There are undoubtedly several approaches to the way systems deal with real-time data before it is persisted in a database. For example, two of the most common open source platforms for this are Apache Storm and Apache Spark (with its Spark Streaming framework), and both take a very different approach to processing data streams. Storm, like SQLstream Blaze, IBM InfoSphere Streams and many others, are true record-by-record stream processing engines. Others such as Apache Spark take a different approach and collect events together for processing in batches. I’ve summarized here the main considerations when considering which paradigm is most appropriate.
#1 Stream Processing versus batch-based processing of data streams
There are two fundamental attributes of data stream processing. First, each and every record in the system must have a timestamp, which in 99% of cases is the time at which the data were created. Second, each and every record is processed as it arrives. These two attributes ensure a system that can react to the contents of every record, and can correlate across multiple records over time, even down to millisecond latency. In contrast, approaches such as Spark Streaming process data streams in batches, where each batch contains a collection of events that arrived over the batch period (regardless of when the data were actually created). This is fine for some applications such as simple counts and ETL into Hadoop, but the lack of true record-by-record processes makes stream processing and time-series analytics impossible.
#2 Data arriving out of time order is a problem for batch-based processing
Processing data in the real world is a messy business. Data is often of poor quality, records can be missing, and streams arrive with data out of (creation) time order. Data from multiple remote sources may be generated at the same time, but due to network or other issues, some streams may be delayed. A corollary of stored batch processing of data streams is that these real-time factors cannot be addressed easily, making it impossible or at best expensive (computing resources and therefore performance) to detect missing data, data gaps, correct out of time order data etc. This is a simple problem to overcome for a record-by-record stream processing platform, where each record has its own timestamp, and is processed individually.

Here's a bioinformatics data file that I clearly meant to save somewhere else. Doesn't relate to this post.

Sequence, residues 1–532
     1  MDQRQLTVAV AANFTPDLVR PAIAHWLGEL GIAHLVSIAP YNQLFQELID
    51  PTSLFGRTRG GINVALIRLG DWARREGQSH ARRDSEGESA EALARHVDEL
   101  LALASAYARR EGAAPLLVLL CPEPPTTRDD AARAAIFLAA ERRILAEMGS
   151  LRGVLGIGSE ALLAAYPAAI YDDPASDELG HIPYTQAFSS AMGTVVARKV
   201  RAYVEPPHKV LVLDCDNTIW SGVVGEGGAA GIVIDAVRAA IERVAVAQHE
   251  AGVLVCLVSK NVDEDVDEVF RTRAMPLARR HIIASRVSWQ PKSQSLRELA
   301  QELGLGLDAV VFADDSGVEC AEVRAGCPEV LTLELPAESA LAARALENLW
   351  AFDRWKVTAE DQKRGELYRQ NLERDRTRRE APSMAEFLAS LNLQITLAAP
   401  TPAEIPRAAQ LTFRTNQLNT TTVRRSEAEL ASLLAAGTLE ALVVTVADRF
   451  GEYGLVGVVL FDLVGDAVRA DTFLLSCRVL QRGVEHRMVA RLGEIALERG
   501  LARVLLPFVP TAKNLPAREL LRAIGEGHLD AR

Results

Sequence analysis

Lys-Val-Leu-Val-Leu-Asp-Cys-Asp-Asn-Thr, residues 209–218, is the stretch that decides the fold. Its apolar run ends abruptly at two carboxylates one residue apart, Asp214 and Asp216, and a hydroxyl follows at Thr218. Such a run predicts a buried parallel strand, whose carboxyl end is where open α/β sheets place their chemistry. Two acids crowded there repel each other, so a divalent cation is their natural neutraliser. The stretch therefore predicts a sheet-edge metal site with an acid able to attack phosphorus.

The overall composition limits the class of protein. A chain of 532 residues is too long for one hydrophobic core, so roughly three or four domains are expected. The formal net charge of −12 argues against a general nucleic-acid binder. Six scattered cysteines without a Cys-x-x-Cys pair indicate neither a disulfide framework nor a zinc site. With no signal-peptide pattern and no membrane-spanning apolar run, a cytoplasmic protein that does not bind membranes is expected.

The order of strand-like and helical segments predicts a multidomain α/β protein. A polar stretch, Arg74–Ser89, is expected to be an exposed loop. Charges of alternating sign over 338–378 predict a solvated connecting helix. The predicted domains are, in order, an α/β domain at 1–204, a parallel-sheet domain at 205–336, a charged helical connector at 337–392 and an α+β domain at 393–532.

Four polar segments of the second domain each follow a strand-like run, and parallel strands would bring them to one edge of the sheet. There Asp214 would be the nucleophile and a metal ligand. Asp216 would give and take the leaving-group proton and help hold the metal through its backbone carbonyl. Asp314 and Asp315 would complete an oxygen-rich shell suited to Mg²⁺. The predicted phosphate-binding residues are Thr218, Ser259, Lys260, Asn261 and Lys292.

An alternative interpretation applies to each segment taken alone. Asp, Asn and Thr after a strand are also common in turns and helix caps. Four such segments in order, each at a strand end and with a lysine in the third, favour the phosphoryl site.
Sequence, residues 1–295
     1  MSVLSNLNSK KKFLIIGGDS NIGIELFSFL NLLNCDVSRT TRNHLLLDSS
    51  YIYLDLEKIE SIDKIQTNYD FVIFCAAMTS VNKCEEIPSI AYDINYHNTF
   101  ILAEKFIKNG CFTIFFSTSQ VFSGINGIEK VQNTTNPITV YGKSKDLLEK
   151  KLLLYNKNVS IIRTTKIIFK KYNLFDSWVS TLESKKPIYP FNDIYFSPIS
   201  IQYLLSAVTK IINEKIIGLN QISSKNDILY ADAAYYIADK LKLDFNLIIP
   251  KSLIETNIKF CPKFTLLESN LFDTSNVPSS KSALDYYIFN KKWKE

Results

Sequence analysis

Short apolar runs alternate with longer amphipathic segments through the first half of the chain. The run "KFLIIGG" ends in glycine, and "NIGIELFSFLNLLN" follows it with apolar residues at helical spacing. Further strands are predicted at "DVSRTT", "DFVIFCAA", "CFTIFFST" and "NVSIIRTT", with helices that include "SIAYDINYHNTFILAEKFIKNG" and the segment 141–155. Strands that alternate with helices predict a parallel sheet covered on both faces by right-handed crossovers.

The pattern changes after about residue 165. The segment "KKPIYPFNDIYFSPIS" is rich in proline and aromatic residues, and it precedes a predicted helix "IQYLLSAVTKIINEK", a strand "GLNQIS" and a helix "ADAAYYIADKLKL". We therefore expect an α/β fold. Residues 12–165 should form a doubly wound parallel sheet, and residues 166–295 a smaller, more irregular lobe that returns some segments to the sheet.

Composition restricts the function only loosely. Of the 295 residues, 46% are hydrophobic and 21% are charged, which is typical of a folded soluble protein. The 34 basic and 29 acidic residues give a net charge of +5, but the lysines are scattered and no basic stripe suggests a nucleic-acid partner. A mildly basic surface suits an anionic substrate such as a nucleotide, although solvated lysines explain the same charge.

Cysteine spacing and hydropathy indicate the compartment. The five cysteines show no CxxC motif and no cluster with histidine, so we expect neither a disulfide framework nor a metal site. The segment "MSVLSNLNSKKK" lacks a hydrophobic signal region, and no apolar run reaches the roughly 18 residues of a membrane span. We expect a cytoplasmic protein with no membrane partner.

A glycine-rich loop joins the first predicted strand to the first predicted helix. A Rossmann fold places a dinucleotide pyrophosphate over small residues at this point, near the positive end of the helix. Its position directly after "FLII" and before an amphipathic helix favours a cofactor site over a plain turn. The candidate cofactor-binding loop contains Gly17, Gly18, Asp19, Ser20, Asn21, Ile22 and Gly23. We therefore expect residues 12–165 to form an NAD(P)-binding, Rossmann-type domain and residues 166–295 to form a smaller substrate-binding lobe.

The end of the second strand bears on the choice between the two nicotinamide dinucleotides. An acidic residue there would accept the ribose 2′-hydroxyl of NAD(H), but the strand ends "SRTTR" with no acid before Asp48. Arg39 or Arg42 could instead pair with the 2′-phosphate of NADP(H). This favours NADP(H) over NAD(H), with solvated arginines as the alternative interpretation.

#3 Batch length restricts Window-based analytics
Any system that uses batch-based processing of data streams is limiting the granularity of response to the batch length. Window operations can be simulated by iterating repeatedly over a series of micro batches, in much the same way as static queries operate over stored data. However, this is expensive in terms of processing resources and adds further to the computation overheads. And processing is still limited to the arrival time of the data (rather than the time at which the data were created).
#4 Spark claims to be faster than Storm but is still performance limited
Spark Streaming’s Java or Scala-based execution architecture is claimed to be 4X to 8X faster than Apache Storm using the WordCount benchmark. However, Apache Storm offers limited performance per server by stream processing standards these days, although does scale out over large numbers of servers to gain overall system performance. (This can make larger systems expensive, both in terms of server, power and cooling costs, but also a factor of the additional distributed system complexity.) The point here is that Spark Streaming’s performance can be improved by using larger batches, which may explain the performance increase, but larger batches moves further away from real-time processing towards stored batch mode, and exacerbates the stream processing and real-time, time-based analytics issues.
#5 Writing stream processing operations from scratch is not easy
Batch-based platforms such as Spark Streaming typically offer limited libraries of stream functions that are called programmatically to perform aggregation and counts on the arriving data. Developing a streaming analytics application on Spark Streaming for example requires writing code in Java or Scala. Processing data streams is a a different paradigm, and moreover, Java is typicaly 50X less compact than say SQL – significantly more code required. Java and Scala require significant garbage collection which is particularly inefficient and troublesome for in-memory processing.